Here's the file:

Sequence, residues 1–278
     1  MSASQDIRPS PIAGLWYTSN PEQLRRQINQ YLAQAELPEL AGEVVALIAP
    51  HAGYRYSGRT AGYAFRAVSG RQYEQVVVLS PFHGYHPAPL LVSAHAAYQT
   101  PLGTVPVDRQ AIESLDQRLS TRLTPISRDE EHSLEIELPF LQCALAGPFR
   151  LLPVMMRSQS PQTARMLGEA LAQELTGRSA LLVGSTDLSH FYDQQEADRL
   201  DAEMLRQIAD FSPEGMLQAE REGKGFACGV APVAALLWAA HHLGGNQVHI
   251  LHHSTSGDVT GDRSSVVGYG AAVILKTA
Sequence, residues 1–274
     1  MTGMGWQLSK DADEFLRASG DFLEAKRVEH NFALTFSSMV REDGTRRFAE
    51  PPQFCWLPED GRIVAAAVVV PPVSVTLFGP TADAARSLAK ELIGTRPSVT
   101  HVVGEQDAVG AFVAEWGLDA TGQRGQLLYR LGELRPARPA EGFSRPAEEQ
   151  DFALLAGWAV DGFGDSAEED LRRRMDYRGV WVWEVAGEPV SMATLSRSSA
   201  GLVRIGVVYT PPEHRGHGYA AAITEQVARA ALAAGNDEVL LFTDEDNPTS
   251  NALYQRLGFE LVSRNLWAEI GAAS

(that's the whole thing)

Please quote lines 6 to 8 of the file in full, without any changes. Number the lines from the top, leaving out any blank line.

   201  DAEMLRQIAD FSPEGMLQAE REGKGFACGV APVAALLWAA HHLGGNQVHI
   251  LHHSTSGDVT GDRSSVVGYG AAVILKTA
Sequence, residues 1–274